Publication Date: September 2019
Jacob Marschak shaped the emergence of monetary theory and portfolio choice at the Cowles Commission (which he directed from 1943 to 1948, but with which he was involved already from 1937) at the University of Chicago, where he was the doctoral teacher of Leonid Hurwicz, Harry Markowitz and Don Patinkin, and then from 1955 at the Cowles Foundation at Yale University, where he was a senior colleague of James Tobin until moving to UCLA in 1960. Marschak’s later attempts to clarify the concept of liquidity and to emphasize the role of new information for economic behavior date back as far as to his early experiences with hyperinflationary processes in the Northern Caucasus during the Russian Revolution. Marschak came to monetary theory with his 1922 Heidelberg doctoral dissertation on the quantity theory equation of exchange (published in 1924 as “Die Verkehrsgleichung”), and embedded monetary theory in a wider theory of asset market equilibrium in studies of “Money and the Theory of Assets” (1938), “Assets, Prices, and Monetary Theory” (with Helen Makower, 1938), “Role of Liquidity under Complete and Incomplete Information” (1949), “The Rationale of the Demand for Money and of ‘Money Illusion’” (1950), and “Monnaie et liquidité dans les modèles macroéconomiques et microéconomiques” (1955), as well as in Income, Employment and the Price Level (lectures Marschak gave at Chicago, edited by Fand and Markowitz, 1951). We examine Marschak’s analysis of money within a broader theory of asset market equilibrium and explore the relation of his work to the monetary and portfolio theories of his doctoral students Markowitz and Patinkin and his colleague Tobin and to the revival of the quantity theory of money by Milton Friedman, a University of Chicago colleague unsympathetic to the methodology of the Cowles Commission.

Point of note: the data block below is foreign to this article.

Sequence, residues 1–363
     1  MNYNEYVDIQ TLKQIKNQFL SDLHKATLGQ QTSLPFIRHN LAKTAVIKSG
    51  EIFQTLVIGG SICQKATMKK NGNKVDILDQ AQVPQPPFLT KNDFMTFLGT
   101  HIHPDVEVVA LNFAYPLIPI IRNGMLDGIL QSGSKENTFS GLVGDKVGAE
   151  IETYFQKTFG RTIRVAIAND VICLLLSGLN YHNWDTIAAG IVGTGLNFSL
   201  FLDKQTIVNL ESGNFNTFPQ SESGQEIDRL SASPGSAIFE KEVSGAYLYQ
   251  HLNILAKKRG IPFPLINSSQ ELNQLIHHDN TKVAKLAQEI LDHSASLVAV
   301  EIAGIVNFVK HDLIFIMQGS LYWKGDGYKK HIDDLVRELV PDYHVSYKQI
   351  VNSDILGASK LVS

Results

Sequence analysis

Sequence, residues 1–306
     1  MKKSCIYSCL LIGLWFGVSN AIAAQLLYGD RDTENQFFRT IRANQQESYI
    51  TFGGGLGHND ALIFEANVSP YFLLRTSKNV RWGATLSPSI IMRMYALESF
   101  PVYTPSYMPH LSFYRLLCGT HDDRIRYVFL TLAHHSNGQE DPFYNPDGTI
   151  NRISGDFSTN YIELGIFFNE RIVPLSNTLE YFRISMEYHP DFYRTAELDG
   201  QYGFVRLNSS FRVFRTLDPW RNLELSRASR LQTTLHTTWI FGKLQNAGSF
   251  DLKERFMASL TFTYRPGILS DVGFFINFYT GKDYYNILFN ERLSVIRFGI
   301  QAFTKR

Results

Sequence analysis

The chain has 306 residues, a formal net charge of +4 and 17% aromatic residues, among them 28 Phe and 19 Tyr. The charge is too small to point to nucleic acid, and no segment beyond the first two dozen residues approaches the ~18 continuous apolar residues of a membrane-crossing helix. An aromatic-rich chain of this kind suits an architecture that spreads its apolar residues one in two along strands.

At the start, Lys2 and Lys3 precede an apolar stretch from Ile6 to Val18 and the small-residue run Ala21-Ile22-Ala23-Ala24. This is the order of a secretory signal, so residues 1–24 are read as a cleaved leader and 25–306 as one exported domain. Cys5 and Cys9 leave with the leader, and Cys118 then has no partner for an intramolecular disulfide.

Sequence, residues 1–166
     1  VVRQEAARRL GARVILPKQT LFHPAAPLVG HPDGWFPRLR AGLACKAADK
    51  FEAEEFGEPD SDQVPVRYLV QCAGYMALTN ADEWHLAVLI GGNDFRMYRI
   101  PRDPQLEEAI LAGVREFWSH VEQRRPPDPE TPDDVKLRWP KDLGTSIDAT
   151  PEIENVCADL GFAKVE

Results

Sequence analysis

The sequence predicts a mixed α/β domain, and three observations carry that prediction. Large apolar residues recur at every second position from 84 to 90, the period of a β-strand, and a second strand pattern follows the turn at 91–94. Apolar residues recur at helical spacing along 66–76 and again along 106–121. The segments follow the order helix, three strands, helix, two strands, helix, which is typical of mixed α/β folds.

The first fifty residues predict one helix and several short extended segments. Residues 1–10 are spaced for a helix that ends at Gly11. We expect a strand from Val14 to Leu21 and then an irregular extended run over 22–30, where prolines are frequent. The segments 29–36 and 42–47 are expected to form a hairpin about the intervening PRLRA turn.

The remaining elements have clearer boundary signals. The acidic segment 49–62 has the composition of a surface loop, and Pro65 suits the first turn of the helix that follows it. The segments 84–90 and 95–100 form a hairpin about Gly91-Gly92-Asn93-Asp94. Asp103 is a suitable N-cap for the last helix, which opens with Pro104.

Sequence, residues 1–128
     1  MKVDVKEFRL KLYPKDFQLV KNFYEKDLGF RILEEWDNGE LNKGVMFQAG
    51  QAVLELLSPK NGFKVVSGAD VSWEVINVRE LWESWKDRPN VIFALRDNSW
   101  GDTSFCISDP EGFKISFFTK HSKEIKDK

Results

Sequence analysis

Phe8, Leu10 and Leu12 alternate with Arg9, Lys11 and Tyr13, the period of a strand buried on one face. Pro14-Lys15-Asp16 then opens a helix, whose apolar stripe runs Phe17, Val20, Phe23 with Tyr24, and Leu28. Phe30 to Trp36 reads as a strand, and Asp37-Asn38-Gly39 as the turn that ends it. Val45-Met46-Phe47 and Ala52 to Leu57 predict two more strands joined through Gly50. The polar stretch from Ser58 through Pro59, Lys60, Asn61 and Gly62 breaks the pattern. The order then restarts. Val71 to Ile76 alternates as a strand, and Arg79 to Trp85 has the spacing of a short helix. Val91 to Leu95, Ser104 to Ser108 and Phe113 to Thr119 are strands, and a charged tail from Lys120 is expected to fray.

Keywords: Jacob Marschak, Money in a theory of assets, Cowles Commission, Harry Markowitz, James Tobin
JEL Classification Codes: B22, B31